“He was always the coming thing in entertainment”

Somewhere the past few months I got on some sort of PR list, leading to all kinds of pointless invitations to interview Mr. X or use Ms. Y as a source. But it also led to me getting an advance copy of Dana Stevens’ CAMERA MAN: Buster Keaton, the Dawn of Cinema and the Invention of the Twentieth Century, which was much more enjoyable.

Stevens justifies the title by arguing that 1895, the year of the great silent comic’s birth, seeded many turning points of the 20th century. That gave me a fear the book would be a disappointment, as you could probably say the same of any year around that period. However she went on to argue that Keaton was also in the vanguard of 20th century entertainment (“He was always the coming thing.”) and here she makes her case.

Keaton started the century in vaudeville when that was still drawing millions of fans. Then he jumped to silent two-reelers in the 1910s, as movies began to steal vaudeville’s audiences away (though they’d coexist for a while yet). In the 1920s he was an auteur making his own feature films; in the 1930s he was at MGM for the talkies and saw his career die under the studio system. Then, after years gag writing for others, he spotted television as a game-changer and made multiple guest appearances everywhere (not to mention cameos in multiple movies), plus a short-lived series of his own. Another decade or so of life and he might have been guest-starring on The Love Boat or Saturday Night Live.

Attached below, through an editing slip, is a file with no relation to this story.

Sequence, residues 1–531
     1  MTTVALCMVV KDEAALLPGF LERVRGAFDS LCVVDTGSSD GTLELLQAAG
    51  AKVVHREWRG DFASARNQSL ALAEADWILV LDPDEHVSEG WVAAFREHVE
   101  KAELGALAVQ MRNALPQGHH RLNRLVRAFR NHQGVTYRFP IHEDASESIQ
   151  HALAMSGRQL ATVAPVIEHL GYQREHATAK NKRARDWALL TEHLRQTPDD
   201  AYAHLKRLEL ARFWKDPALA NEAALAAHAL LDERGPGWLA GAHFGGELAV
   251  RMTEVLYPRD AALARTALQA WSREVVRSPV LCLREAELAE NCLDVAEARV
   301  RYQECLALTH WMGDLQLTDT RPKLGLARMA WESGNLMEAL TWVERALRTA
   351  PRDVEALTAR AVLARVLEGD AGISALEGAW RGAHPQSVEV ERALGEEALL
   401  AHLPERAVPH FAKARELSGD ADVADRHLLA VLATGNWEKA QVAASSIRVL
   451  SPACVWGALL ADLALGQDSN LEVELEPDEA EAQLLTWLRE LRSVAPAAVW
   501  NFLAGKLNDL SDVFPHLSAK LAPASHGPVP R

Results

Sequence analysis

The book’s not a filmography; there’s no attempt to list or cover the plots of Keaton’s many films, though Stevens discusses key stunts and recurring tropes. It’s a biography with a focus on Keaton’s career, though not always a linear focus. While I wouldn’t have minded a filmography appendix, that’s easily accessible on the Internet so it’s not the flaw it would have been twenty years ago. Stevens does a good job bringing in elements of relevant time periods (I always consider that a plus in biographies): the anarchic Hollywood of the teens and 1920s, the state of treatment for alcoholics when drink seriously disabled his career (it becomes clear why Alcoholics Anonymous was such a game-changer). Despite booze and various other problems, Stevens concludes that Keaton’s later life, which included a happy third marriage, was better and less tragic than it’s sometimes portrayed. I’d certainly like to think so.

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